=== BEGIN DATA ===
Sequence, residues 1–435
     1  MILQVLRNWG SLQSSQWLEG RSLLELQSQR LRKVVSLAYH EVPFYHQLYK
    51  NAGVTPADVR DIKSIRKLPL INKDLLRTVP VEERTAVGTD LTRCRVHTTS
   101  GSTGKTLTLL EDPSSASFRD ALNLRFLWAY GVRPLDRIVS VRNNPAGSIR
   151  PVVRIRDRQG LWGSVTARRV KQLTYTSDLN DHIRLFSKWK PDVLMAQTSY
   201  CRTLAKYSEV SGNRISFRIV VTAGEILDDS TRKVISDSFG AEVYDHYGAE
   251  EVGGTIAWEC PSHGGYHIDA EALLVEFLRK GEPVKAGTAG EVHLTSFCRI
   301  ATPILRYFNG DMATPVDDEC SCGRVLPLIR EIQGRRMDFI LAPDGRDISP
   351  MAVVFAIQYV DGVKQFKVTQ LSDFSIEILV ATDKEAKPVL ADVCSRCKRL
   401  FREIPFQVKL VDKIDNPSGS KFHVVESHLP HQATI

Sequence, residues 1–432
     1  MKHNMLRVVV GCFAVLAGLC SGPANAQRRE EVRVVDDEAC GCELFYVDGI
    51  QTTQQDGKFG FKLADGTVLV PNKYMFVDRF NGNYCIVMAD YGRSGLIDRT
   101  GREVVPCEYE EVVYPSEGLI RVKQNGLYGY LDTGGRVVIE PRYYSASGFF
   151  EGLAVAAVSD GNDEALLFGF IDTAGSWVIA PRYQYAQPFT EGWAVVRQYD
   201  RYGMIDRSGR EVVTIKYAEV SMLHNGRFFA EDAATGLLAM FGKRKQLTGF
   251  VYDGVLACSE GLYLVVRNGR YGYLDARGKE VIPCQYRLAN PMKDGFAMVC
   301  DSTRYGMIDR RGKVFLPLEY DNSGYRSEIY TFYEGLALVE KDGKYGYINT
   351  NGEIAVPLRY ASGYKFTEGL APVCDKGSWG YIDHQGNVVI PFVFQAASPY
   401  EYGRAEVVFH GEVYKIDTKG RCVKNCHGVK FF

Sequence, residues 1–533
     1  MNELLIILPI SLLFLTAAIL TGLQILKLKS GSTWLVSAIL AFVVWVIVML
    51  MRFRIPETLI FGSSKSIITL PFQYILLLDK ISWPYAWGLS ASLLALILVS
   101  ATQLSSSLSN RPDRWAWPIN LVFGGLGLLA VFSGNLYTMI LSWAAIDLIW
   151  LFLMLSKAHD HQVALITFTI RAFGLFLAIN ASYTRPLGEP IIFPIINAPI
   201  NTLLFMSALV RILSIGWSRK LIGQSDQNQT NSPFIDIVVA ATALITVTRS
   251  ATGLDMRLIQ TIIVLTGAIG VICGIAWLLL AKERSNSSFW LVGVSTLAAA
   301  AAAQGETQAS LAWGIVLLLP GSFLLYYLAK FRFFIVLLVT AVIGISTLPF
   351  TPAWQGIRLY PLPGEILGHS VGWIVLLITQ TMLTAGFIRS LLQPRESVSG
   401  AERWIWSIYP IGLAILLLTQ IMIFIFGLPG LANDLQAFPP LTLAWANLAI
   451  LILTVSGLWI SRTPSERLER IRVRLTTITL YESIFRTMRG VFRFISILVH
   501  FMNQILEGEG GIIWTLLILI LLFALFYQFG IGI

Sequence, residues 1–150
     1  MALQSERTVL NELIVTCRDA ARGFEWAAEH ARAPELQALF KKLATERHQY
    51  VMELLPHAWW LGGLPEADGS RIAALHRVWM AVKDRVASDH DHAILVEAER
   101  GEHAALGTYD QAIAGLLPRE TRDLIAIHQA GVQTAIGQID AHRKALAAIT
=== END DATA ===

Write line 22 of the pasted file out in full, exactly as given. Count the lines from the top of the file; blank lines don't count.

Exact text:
     1  MNELLIILPI SLLFLTAAIL TGLQILKLKS GSTWLVSAIL AFVVWVIVML